This medication is usually prescribed in women who are pregnant. It suppresses the nausea super well. To me this drug doesn’t have a lot of negative side effect, it does what it has to do. It is not a longer term fix because it does not remove the problems in my head but not feeling nauseous at times is a godsend.
This is called a benzo. And with benzos the biggest problem is that they are terribly addictive, so you need more and more of them. However, it is on our list because it is a medicine that we use very rarely. Alprazolam is actually our last resort. When your body gives all the signals that you are going over your limits and you still have to go to the swimming of your daughter or to that one concert of the Backstreet Boys or a move that was planned. Then there is Alprazolam, the savior in distress who is holding you together in one piece for a few hours.
The hangover comes later in this case and that is not because of the after effect of the medicine, but because you have gone far across all the boundaries and have to pay for it (sometimes for weeks). But in some cases it is simply worth it.
Over The Counter
Cinnarizine ✰ ✰ ✰
Cinnarizine is a anti nausea during travel tablet. This tablet is actually a much lighter version of the Flunarizine. Cinnarizine works for both of us in case of an emergency. Unfortunately it makes us drowsy and is therefore not suitable for everyday use. It mainly dampens the nausea and this can be very pleasant.
Gingko Biloba ✰ ✰ ✰ ✰
We do have the idea that this is some what working for us. We have become slightly clearer in our head and as soon as we start tapering down with these pills we feel an extra pressure in the head. No 5 stars because this is apparently still not the answer what we are looking for.
Fever Few ✰ ✰ ✰
Fever Few is similar in effect to Gingko Biloba.
We took this one or the other. Both of them stimulate the blood flow in the head so taking them at the same time is not advised. It feels as though it is slightly smoother in our heads. As a result, the dizzy spells are down a little bit more and we seem to be better at handling sound and light. It sometimes gets the sharp edges off.
Omega 3 ✰ ✰ ✰
This is the only supplement (at least Omega 3 in all forms) which is also advised by Cognitive FX. They indicate that it is important to take 2000 mg per day. We took fish oil for a while but were did not take this advised dosage. This daily dose, like the above products, makes it all feel like a little easier. Also now with tapering off of the Venlafaxine for Agnes, it really helps! Note: there is really a difference in fish oil quality, so do good research before you start.
Agnes: This is a capsule where all the important vitamins and minerals are included for people with migraines. I usually order it here. I sometimes don’t know anymore what works or what does not work, haha. But what I know about this one, it’s ideal because it’s all in 1. Also, I notice that within no time my dizzy spells are fiercer when I stop using this supplement.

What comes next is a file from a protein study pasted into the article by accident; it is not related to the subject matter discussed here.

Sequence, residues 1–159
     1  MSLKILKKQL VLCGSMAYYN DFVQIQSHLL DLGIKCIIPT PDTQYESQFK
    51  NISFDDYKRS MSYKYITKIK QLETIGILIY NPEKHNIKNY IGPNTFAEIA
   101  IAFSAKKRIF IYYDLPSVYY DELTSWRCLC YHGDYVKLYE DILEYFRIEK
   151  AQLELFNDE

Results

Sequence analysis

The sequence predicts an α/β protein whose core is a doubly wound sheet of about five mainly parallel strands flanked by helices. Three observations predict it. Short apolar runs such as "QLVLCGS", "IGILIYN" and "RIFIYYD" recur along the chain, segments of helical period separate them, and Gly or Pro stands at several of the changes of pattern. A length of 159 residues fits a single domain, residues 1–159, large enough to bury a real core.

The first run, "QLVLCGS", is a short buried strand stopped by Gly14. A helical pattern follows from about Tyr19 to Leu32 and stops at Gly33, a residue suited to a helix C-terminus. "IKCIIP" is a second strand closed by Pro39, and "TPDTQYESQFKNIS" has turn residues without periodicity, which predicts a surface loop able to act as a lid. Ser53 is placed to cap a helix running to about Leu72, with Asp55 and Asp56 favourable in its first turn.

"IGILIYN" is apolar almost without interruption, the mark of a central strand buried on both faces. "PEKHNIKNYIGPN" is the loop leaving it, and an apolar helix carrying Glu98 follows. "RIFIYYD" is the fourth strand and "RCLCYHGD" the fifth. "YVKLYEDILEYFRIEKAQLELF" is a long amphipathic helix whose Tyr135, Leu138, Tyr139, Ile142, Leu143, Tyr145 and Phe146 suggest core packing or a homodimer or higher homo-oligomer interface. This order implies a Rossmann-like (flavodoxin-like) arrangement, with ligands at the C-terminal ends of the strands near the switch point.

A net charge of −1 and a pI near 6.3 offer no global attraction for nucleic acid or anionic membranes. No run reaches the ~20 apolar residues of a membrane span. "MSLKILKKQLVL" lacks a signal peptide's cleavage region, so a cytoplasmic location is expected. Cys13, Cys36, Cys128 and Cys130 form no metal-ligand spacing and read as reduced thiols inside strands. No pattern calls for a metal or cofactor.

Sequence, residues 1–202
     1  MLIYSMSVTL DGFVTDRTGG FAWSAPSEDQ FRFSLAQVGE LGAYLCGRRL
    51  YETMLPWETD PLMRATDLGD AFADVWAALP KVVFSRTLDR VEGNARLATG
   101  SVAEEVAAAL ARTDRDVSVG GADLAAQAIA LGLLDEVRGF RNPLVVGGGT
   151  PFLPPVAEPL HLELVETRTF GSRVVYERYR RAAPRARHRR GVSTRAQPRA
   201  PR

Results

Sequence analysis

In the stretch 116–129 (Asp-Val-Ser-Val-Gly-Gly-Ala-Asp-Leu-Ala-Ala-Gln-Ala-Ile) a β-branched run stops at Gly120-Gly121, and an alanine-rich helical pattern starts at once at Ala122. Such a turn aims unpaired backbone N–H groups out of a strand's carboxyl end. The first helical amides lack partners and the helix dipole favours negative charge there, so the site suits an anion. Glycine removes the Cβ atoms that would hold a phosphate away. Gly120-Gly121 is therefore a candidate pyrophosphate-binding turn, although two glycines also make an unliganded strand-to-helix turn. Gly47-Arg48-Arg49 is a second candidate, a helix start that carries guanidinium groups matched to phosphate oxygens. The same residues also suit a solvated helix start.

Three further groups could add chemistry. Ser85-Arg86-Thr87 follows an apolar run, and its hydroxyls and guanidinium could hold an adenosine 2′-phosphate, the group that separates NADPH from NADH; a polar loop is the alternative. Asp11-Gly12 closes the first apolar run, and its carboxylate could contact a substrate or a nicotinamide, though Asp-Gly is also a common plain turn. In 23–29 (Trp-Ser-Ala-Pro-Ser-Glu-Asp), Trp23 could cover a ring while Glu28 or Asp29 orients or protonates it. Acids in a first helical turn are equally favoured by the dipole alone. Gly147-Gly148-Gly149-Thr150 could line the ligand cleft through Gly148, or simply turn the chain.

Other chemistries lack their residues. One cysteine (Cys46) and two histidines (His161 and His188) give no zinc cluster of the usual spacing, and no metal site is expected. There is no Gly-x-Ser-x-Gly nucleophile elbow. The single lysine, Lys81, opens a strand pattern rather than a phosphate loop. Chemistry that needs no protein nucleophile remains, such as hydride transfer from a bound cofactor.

Agnes: Vitamin B2 makes my dizzy spells much worse. A lot of medicine you have a worsening of the symptoms when you start taking it, but I could not push through this one. This vitamin is high on the list for people with migraines and they also clearly do something in my head, but for me it does not have the right effect.
Visual Therapy in Antwerp ✰ ✰ ✰ ✰
In October 2017 I, Agnes, went to Antwerp for a week of visual therapy. I had to do several exercises in the dark twice a day while looking at a rotating disc with luminous dots. O, I was so nauseated in the beginning. Fortunately, this was getting better over the course of the week. This therapy was in research so is unfortunately no longer given in Antwerp. The doctor in Antwerp says that they are working on it to offer this therapy standard.
Unfortunately, the results were not permanent and also did not cover all my problem areas. Yet I give it 5 stars because I have made so much progress. However, this is something you should use permanently. Our father has now rebuilt the turning disc. The dots still need to be placed but then I can start the therapy by myself. This is going to make my life a little bit easier.
Psychological support ✰ ✰ ✰
Paula: With everything that happened over the last 3.5 years it was very nice to be able to share this with someone from out of my inner circle. I was able to process the traumatic moments I experienced through EMDR. I have really learned to be kind for myself and to not always want to defend myself (that is a strong one people).
Agnes: I have spoken with the psychiatric nurse after my blood loss. To get talk through the story a couple of times and to sometimes cry about how much life has changed. This was really helping. Over time, this was becoming less necessary. When I wanted to intensify this contact, I got different nurses every time I went. This was not working for me and so they sent me to a psychologist.
However, the tests showed that they could not diagnose me and therefore could not offer therapy or conversations. I was allowed to choose from a number of diagnoses, but I rejected it in consultation with my GP.
Manual Therapy ✰ ✰
We both did this in a fine practice in Drachten. The moments of relaxation were fine. This in combination with talking about everything was also fine. Unfortunately, this didn’t do anything for the long term, it was fine for that moment but did not fit in with the search for a more permanent solutions.
Vestibular rehabilitation (physical therapy) ✰ ✰
Paula: For the period after my attacks it was a good rehabilitation to follow, I have become somewhat more certain. Earlier I searched my balance more in the stuff around me, here I learned trusting my body again. And with that in my mind, repeating this trajectory is no longer necessary either.
This has already become quite a long list. We are also sure we have forgotten things, so perhaps we will supply this blog with a little more later on. Besides the medical side, we have of course also adapted our life to reduce complaints, we will write a blog about this later.
Again the advice to always consult with your doctor before you change anything in your regimen. If you have any questions, feel free to ask via firstname.lastname@example.org.